The Mystery of Love & Sex
Time Out says
The Mystery of Love & Sex: Theater review by David Cote
It has been written by many a self-help author and even crooned by John Mayer: Love is a verb. Easy to say, harder to do. That paralyzing gulf between feeling and acting is one of the enigmas gently held up to the light in Bathsheba Doran’s wise and exquisitely crafted The Mystery of Love & Sex, a group portrait of four souls grappling with the vagaries of mutating desire. We in the West may be loping slowly toward a more liberated age of gender fluidity and sexual freedom, but that doesn’t make the course of love run any smoother.
Charlotte (Gayle Rankin) and Jonny (Mamoudou Athie) have been friends since childhood, neighbors in an unspecified Southern exurb whose differences weirdly seem to complete each other. He is African-American, droll but shy and devoutly Baptist; she is a secular Jew, voluble and impetuous, hurtling toward lesbianism. These best friends attend college together and drift sheepishly into a platonic quasi-affair. She suspects Jonny is closeted, but he insists he’s saving himself for marriage. They dance awkwardly. Naturally, they fall in love; what sort of love is unclear.
Despite my twee précis, Doran is not after a millennial rom-com with adorkable bi-curiosity and postracial frisson sprinkled to taste. She broadens her canvas to include older, if no wiser, adults: Charlotte’s parents, Howard (Tony Shalhoub) and Lucinda (Diane Lane). Just as Doran sketches her younger characters with the right amount of fuzzy instability, she draws the supposed authority figures with deceptively confident, crisp strokes. A successful writer of serial detective fiction, Howard is a pompous hard-ass, but he knows it and has a redeeming mother-hen streak when it comes to his little girl. Lucinda’s maternal instincts, meanwhile, are tempered by her own free-spirited restlessness, expressed by halfhearted attempts to quit smoking (with cigarettes replaced by pot and cocktails). As the younger couple drifts apart on parallel but distant paths, the older one fractures too. Shalhoub and Lane are such friskily lovable stage creatures—playing two people who have been “performing” their marriage for years—the inevitable split still comes as a shock.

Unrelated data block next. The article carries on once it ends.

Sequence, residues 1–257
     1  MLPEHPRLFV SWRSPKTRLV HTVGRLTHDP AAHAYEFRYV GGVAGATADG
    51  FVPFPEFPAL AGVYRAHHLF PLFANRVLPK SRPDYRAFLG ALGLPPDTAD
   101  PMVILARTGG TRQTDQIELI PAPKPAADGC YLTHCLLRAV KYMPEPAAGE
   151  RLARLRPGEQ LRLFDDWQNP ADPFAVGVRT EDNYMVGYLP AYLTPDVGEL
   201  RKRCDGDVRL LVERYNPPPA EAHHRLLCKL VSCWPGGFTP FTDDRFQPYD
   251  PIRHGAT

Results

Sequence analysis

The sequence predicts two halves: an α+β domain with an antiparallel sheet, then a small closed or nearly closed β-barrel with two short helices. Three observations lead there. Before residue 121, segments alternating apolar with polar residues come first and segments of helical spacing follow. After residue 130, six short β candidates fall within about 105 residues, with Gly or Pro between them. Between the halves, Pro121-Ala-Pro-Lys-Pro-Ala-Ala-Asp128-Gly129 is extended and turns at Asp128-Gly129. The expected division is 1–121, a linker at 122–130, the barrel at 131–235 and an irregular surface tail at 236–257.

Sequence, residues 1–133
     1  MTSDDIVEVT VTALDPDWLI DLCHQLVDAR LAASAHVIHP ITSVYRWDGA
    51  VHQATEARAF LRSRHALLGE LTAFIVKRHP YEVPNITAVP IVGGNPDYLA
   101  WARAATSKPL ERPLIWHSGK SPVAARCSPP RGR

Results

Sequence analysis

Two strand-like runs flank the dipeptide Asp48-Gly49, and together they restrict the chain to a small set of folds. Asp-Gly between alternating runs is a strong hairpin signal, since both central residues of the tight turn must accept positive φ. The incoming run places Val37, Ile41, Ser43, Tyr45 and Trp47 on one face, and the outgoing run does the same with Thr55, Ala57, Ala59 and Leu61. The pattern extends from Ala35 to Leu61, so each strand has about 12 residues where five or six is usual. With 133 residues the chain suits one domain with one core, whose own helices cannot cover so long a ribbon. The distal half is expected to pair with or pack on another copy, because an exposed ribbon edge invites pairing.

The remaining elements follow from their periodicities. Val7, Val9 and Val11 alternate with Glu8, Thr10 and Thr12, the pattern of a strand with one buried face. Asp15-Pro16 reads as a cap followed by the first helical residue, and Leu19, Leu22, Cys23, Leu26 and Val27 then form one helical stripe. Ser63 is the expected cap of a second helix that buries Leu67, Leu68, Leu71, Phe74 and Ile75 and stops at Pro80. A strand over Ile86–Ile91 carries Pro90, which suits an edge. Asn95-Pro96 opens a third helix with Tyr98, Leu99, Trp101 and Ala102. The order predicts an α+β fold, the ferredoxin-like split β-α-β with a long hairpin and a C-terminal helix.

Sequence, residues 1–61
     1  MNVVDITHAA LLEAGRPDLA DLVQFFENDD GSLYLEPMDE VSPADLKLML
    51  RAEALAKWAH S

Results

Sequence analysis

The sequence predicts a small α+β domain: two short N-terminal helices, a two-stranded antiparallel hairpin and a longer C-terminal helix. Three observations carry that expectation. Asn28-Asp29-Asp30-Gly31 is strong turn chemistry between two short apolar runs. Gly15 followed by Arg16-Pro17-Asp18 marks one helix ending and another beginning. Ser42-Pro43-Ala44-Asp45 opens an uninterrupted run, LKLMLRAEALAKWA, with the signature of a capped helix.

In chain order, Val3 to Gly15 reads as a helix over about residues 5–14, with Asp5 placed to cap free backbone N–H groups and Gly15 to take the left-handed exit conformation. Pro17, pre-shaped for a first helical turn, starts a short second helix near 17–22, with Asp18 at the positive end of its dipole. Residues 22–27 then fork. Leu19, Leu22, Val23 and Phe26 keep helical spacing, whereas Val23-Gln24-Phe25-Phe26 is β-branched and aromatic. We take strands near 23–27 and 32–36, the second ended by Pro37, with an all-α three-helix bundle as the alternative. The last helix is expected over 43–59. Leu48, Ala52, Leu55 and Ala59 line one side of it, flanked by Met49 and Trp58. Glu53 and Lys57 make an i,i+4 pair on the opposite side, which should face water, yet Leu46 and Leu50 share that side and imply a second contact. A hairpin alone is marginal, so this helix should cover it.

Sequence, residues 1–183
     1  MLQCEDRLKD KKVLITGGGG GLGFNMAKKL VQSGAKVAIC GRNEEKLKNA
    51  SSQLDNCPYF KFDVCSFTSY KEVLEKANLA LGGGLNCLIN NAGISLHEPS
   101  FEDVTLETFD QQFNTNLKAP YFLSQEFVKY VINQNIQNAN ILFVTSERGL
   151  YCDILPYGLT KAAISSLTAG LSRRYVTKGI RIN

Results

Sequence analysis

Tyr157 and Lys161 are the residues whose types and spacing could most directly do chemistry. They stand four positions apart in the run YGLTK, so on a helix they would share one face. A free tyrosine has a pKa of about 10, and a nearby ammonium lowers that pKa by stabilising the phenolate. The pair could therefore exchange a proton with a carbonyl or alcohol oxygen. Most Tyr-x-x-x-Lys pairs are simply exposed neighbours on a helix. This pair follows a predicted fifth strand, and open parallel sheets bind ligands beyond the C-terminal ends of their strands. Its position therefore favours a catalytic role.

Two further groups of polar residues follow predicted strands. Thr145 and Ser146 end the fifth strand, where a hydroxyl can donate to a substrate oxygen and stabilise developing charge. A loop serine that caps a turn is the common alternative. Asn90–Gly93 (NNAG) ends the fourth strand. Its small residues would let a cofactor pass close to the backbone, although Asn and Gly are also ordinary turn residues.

There’s a pulsing, warm sense of lives lived in Doran’s script, which unfolds over five years and organically touches on several potent themes, fully humanized: filial betrayal, homophobia, white-liberal microaggression and, above all, forgiveness. These characters are flesh: tangible, fallible and superbly rounded. For all its writing strength, though, Mystery might have lapsed into preciousness were it not for Sam Gold’s cool but coiled staging. He and Doran know that when it comes to conundrums of the heart, solutions are not singular.—David Cote
Mitzi E. Newhouse Theater (see Off Broadway). By Bathsheba Doran. Directed by Sam Gold. With Tony Shalhoub, Diane Lane, Mamoudou Athie, Gayle Rankin. Running time: 2hrs 20mins. One intermission.
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